The judge presiding over the appeal of Tom Brady’s Deflategate suspension ordered the NFL and NFL Players Association to “tone down their rhetoric’’ Thursday.
The Patriots weren’t a part of that directive and acted accordingly.
On Friday, the team released private emails from mid-February between Patriots officials, spokesman Stacey James and counsel Robyn Glaser, and NFL personnel, spokesman Greg Aiello and counsel Jeff Pash.
In the heated emails, which were posted on the team’s site, “The Wells Report in Context,’’ James and Glaser “demand’’ that the NFL disclose information to clear up false ESPN reports and address internal leaks, which they say led to the misinformation.
In the replies, Pash defers to NFL investigator Ted Wells, says any inaccuracies will be corrected with the release of Wells’ report (which occurred nearly three months later), and denies the leaks. (James’ initial email to Aiello is included, but the rest of the exchange is between Glaser and Pash.)
The team officials dispute the ESPN reports that stated: a Patriots staffer tried to introduce a kicking ball into the AFC Championship Game and 11 of the Patriots’ 12 balls were 2 pounds per square inch under the minimum in the game.
From James’ initial email to Aiello on February 17:
What is unconscionable to me is that the league holds data that could very well exonerate us from any wrongdoing and completely dismiss the rampant reports and allegations of nefarious actions, but the league refuses to provide the data. […] It has been over 4 weeks and we still can’t get a simple detail that I assume was available the night of the AFC Championship Game!
Glaser then forwarded James’ email to Pash the next morning and added her own comments, including:
[…] we hereby DEMAND that the misinformation included in this ESPN piece be formally and publicly corrected by the League IMMEDIATELY. Preferably within the next few hours but, in any case, no later than the end of the day today.
In Pash’s response, he denies the leaks: “I have no reason to think it came from our office but I certainly do not condone leaks which I do not serve anyone’s interest.’’
Glaser shoots back, telling Pash that the leaks “would only come from the League office’’ and to bring his “staff and office under control.’’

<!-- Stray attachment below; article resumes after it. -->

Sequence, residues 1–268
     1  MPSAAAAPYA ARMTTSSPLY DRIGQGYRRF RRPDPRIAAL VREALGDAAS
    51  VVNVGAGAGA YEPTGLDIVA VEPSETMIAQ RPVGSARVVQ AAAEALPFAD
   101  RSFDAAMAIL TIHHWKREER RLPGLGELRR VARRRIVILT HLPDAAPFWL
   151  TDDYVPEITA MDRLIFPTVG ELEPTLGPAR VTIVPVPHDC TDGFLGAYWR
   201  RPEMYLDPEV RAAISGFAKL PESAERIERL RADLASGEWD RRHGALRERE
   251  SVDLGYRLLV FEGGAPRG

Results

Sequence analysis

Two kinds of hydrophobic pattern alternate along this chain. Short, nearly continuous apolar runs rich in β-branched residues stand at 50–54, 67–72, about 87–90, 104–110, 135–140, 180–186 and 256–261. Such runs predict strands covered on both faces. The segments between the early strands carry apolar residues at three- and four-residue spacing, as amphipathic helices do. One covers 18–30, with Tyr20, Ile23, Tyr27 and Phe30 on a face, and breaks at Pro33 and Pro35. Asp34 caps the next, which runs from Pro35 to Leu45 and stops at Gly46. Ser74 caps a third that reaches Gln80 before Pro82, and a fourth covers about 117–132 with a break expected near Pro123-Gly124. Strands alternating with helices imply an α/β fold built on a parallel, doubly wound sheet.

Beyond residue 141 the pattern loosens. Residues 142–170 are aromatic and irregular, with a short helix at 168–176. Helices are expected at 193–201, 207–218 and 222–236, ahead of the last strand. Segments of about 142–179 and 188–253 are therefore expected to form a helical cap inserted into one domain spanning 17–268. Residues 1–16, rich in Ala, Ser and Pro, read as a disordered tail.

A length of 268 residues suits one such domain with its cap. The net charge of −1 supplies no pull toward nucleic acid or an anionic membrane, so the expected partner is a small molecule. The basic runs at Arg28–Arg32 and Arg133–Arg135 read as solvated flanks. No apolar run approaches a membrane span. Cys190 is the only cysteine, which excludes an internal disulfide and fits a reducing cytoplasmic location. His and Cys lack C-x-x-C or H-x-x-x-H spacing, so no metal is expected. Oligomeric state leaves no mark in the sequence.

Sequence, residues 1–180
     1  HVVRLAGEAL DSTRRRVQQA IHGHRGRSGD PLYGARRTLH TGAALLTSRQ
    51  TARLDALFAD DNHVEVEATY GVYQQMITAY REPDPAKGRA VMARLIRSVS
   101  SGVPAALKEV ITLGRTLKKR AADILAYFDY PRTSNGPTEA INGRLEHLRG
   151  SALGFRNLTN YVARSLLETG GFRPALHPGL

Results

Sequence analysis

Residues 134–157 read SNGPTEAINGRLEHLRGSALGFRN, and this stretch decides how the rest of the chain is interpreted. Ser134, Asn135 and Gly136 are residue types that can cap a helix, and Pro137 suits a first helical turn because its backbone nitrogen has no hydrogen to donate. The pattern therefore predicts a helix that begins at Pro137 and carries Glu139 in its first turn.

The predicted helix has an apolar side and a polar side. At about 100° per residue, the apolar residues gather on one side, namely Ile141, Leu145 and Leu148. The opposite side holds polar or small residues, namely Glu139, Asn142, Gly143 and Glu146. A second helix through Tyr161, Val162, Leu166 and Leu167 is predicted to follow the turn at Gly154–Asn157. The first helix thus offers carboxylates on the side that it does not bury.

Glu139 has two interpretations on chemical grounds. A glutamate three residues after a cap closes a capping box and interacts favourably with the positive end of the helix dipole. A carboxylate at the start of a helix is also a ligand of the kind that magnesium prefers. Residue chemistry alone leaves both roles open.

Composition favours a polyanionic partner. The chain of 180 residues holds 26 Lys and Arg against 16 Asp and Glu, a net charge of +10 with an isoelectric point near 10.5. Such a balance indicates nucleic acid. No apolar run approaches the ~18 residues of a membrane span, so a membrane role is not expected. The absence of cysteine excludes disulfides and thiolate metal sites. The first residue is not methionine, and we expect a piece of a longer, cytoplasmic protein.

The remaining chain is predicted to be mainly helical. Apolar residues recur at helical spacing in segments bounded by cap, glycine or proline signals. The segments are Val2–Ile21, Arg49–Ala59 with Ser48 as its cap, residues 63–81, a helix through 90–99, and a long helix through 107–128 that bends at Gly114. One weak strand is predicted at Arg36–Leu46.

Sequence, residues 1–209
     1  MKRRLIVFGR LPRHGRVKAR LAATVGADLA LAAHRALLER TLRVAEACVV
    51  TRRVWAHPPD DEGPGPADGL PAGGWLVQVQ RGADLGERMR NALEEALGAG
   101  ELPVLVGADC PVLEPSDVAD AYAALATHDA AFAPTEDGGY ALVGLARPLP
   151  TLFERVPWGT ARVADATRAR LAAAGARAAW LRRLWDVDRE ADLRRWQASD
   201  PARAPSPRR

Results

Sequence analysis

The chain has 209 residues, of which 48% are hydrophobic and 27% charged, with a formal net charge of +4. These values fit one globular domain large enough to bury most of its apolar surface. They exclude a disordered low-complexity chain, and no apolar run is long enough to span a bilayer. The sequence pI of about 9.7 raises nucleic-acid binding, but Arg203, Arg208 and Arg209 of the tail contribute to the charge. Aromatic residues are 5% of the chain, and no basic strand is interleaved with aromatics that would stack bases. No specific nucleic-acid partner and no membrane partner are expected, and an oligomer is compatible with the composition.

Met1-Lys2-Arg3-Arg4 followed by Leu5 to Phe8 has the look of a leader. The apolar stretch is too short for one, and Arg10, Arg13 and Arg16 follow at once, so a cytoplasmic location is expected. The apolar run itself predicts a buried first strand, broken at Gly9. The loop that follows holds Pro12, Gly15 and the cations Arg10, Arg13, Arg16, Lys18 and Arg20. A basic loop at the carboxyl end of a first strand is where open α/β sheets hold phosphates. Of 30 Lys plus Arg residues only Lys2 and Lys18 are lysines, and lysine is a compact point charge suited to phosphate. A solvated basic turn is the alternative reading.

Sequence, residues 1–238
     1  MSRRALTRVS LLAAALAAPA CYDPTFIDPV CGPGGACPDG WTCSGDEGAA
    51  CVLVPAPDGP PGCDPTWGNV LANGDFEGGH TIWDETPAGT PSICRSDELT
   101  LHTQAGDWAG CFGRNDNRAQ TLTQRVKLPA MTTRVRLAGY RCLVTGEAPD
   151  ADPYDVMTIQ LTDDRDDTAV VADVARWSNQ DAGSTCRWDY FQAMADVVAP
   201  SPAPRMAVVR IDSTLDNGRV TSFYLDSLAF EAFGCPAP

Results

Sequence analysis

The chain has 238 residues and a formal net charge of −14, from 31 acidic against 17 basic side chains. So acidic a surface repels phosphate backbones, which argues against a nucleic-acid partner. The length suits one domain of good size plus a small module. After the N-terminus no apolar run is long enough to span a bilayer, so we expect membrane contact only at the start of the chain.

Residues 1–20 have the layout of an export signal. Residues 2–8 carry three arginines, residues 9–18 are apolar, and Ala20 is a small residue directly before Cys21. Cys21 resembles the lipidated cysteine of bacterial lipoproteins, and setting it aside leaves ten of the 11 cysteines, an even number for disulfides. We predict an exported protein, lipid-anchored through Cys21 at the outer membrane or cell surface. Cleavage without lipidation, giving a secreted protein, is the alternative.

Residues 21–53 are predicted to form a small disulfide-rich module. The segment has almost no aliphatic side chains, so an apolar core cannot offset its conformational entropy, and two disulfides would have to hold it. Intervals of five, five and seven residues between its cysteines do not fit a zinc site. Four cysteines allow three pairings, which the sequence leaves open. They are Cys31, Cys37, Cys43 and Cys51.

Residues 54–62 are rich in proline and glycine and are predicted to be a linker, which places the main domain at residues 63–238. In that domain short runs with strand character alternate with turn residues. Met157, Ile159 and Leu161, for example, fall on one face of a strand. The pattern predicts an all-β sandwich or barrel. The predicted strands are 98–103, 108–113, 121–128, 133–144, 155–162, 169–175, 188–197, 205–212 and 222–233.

Pash’s reply to that, in part:
Once the investigation is completed and the facts are known, any incorrect reporting will be shown for what it is.
I don’t think that I am trying to disclaim responsibility by saying that ESPN printed the article. I am saying that I don’t believe our office was the source of the information. I agree that the leaks are frustrating and I will continue to do what I can to stop leaks from occurring.
Glaser then refers to Pash’s reply as “disingenuous.’’ From Glaser’s rebuttal:
Jeff, you need to stop. I can’t tell you the number of times you’ve told me that you and your office work for us member clubs. It has been made resoundingly clear to us that your words are just a front. They have no substance at all. If you worked for us , you would have already released today a statement to the effect of, ESPN, you’ve got it wrong.
Pash’s final email to Glaser in full:
Good morning Robyn,
I have given a fair amount of thought to how to respond to so personal and accusatory a note. I don’t think a point-by-point reply is likely to accomplish much. My replies to you yesterday were candid and respectful, and that will continue. They are not what you are looking for, but that does not make them disingenuous. I work for the Patriots, as well as for 31 other clubs and the Commissioner. Sometimes that creates tension, as it apparently has here. Jeff
Correction: An initial version of this story implied the judge’s order included the Patriots.
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